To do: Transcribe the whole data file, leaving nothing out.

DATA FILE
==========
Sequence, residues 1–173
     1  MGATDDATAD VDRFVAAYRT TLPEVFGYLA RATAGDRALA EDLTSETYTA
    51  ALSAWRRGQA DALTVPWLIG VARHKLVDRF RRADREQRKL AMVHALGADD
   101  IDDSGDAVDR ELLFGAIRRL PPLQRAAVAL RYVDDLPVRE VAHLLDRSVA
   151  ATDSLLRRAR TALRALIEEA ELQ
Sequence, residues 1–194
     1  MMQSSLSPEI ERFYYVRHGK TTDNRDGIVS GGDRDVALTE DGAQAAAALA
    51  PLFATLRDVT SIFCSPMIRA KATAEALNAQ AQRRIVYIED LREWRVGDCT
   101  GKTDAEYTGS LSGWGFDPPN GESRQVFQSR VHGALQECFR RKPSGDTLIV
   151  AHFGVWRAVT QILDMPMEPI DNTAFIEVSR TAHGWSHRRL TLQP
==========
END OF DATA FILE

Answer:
Sequence, residues 1–173
     1  MGATDDATAD VDRFVAAYRT TLPEVFGYLA RATAGDRALA EDLTSETYTA
    51  ALSAWRRGQA DALTVPWLIG VARHKLVDRF RRADREQRKL AMVHALGADD
   101  IDDSGDAVDR ELLFGAIRRL PPLQRAAVAL RYVDDLPVRE VAHLLDRSVA
   151  ATDSLLRRAR TALRALIEEA ELQ
Sequence, residues 1–194
     1  MMQSSLSPEI ERFYYVRHGK TTDNRDGIVS GGDRDVALTE DGAQAAAALA
    51  PLFATLRDVT SIFCSPMIRA KATAEALNAQ AQRRIVYIED LREWRVGDCT
   101  GKTDAEYTGS LSGWGFDPPN GESRQVFQSR VHGALQECFR RKPSGDTLIV
   151  AHFGVWRAVT QILDMPMEPI DNTAFIEVSR TAHGWSHRRL TLQP